The news, announced through a megaphone at Vefa's headquarters in the capital, Tirana, and confirmed by the company's president, Vehbi Alimucaj, in an interview with the Albanian service of the BBC, has the potential to create economic and political pandemonium in a country already hit by severe rioting over the past few weeks.
Hundreds of thousands of Albanians have money tied up in Vefa's investment scheme, which has been the most popular outlet by far for savers over the past two years. As Mr Alimucaj said earlier this week: "Not a day goes by without an Albanian having something to do with Vefa."
As other pyramid schemes ran into trouble, it cut interest rates from 6 per cent a month to 3 per cent, and switched payments from hard currency to the Albanian lek. But yesterday was the first time it halted payments altogether. The collapse of Vefa's investment arm would raise urgent questions about the creditworthiness of its other overt activities, which include hotels, restaurants, supermarkets, chicken farms, ferry services and bitumen production.
Western intelligence sources say it also risks sparking a kind of turmoil that will make the looting, burning and street battles of the past few weeks look like a children's tea party. Vefa is suspected of controlling major interests in arms and drugs smuggling and its collapse, according to the intelligence sources, runs the risk of sparking an armed conflict between rival mafia gangs seeking to pick up the business it leaves behind.
The immediate reaction was muted yesterday, as the news took some time to trickle out. There was a brief spasm of panic outside Vefa headquarters as investors feared they would lose their money altogether, followed by calm as they were told to start coming back today to claim their capital.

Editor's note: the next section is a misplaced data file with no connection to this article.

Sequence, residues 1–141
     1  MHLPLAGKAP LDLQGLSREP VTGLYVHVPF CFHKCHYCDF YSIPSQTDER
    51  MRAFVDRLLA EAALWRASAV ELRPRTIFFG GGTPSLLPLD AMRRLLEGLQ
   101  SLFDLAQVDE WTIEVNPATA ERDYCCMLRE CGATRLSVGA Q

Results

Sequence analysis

The company said it would make lump-sum payments immediately to anyone who had invested up to $5,000 (pounds 3,125), gradually repaying those with capital up to $20,000. It was not clear what would happen to those who had invested more. Mr Alimucaj recently said his company had assets of $600m. Its liabilities, according to diplomatic sources, could be three times that.
The growing conviction that Vefa is on the brink of bankruptcy sparked political manoeuvring over the past few days. President Sali Berisha, whose Democratic Party has near-total control of the levers of power and the institutions of state, has gone on a tour of the country to make personal contact with the people and make extravagant promises such as the abolition of tax in some areas for the next two years.
He has tried to sound tough as well as tender, making clear the government can only repay assets frozen from failed pyramid schemes, not bail out the population from its own overstretched resources. But the aim of the tour is clearly to save his own political hide and distance himself from his own government.
A growing throng within the Democratic Party is demanding sweeping changes. A memorandum presented at a meeting of the party's National Council by a prominent group of parliamentarians last week called for the dismissal of the government and its replacement by an emergency cross-party administration, the departure of Mr Berisha from the party in the interests of bolstering his presidential impartiality, and a postponement of next month's presidential election pending a full political resolution to the crisis.
Mr Berisha, who has put out discreet personal feelers to the opposition in recent months, is said to have agreed with every point except the one concerning his departure from the party. The former Democratic Party chairman, Eduard Selami, who has spent the past two years in exile in the US after his fall from grace in Albania, returned home on Friday and is believed to be engaged in discussions about the possibility of his heading a transitional cross-party government.Reuse content